Electromagnetic Alteration of Hydraulic Conductivity of Soils
Hydraulic conductivity is a measure of the rate at which water flows through porous media. Because of the dipole properties of water molecules, any electric field can alter the alignment of these dipole molecules and affect the hydraulic conductivity. In this study, the effect of the Radio-Frequency (RF) waves on the hydraulic conductivity was investigated.
Bentonite clay and sand samples were tested in rigid-wall, cylindrical permeameters and stimulated using a CPVC-cased monopole antenna, vertically centered in the permeameters. The permeameters were encased within RF cavities constructed of aluminum mesh in order to prevent interference from outside and to confine the RF wave to the medium. Falling-head and constant-head tests were performed to measure the hydraulic conductivity of the clay and sand samples, respectively.
The experimental results showed a correlation between the change in the hydraulic conductivity and the characteristics of the RF stimulation. Using RF frequencies of 80, 94, and 153 MHz, water flow through the clay sample was sharply decreased for a relatively short period of time and then stabilized at a higher hydraulic conductivity; nevertheless, the stable value was lower than that of the unstimulated case. Using a frequency of 153 MHz, water flow through the sand sample was sharply increased for a relatively short period and then stabilized at a hydraulic conductivity higher than the unstimulated case. At 153 MHz, the test was replicated with a decrease of the input RF power from 30 to 20 W, and then to 10 W, on the clay sample. The results revealed that the change in the hydraulic conductivity was larger at the higher input RF power. Measurements of the electric field component of RF waves were performed to map the electric field. In addition, the electric field was simulated using COMSOL Multiphysics for better three-dimensional (3D) visualization and analysis. The possibility of a dielectrophoretic phenomenon governing this effect was then studied for the simulated data. The result of this study was compared with the experimental result of the hydraulic conductivity tests. The result was in agreement with the results from the experimental field investigation for the bentonite clay sample but in disagreement for the sand soil sample.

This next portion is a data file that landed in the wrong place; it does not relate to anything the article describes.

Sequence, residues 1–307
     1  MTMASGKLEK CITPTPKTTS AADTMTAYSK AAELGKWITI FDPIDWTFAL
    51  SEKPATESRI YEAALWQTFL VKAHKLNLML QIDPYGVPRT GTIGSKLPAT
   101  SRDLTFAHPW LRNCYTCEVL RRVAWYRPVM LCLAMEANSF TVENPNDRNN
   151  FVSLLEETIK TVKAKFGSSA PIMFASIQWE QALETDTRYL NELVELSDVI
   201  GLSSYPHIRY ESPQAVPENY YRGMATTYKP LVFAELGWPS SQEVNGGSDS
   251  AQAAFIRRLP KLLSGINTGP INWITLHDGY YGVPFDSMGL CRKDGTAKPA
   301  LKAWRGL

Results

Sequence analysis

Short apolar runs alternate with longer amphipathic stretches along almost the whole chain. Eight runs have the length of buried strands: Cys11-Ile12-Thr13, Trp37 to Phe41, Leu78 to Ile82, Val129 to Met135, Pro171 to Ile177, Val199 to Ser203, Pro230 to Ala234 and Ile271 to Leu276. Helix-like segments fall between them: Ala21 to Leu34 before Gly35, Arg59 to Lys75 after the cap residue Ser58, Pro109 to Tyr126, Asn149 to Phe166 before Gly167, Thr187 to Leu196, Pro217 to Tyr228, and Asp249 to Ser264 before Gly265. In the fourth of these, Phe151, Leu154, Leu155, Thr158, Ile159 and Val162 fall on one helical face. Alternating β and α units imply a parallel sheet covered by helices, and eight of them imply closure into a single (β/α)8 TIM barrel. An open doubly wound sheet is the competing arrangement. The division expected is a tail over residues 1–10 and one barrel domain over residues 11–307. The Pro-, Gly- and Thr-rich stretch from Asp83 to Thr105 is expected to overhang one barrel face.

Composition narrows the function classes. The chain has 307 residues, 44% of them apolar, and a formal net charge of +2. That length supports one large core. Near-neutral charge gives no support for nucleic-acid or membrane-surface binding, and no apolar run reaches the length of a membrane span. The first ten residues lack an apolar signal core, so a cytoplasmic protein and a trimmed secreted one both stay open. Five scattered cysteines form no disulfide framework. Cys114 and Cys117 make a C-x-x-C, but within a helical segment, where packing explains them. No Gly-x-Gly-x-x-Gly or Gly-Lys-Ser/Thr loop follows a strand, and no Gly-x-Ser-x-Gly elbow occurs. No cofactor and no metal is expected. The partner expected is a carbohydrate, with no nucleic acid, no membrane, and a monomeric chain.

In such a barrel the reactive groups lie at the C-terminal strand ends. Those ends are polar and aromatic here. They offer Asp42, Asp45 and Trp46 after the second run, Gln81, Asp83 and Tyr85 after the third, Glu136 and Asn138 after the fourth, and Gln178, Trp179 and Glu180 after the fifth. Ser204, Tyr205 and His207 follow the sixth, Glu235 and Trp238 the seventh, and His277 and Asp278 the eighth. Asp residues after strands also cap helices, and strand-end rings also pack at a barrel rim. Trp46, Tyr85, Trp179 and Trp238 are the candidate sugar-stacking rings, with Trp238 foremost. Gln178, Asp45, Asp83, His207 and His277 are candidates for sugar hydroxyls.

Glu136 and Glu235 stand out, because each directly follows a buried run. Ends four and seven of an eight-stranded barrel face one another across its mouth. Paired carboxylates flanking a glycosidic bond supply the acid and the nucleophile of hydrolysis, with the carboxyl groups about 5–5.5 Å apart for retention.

A finite difference numerical model was developed to obtain a nodal hydraulic conductivity pattern of the medium and to find a potential correlation between the hydraulic conductivity and electric field magnitude. The results suggested a spatially varying hydraulic conductivity due to the spatially varying electric field pattern.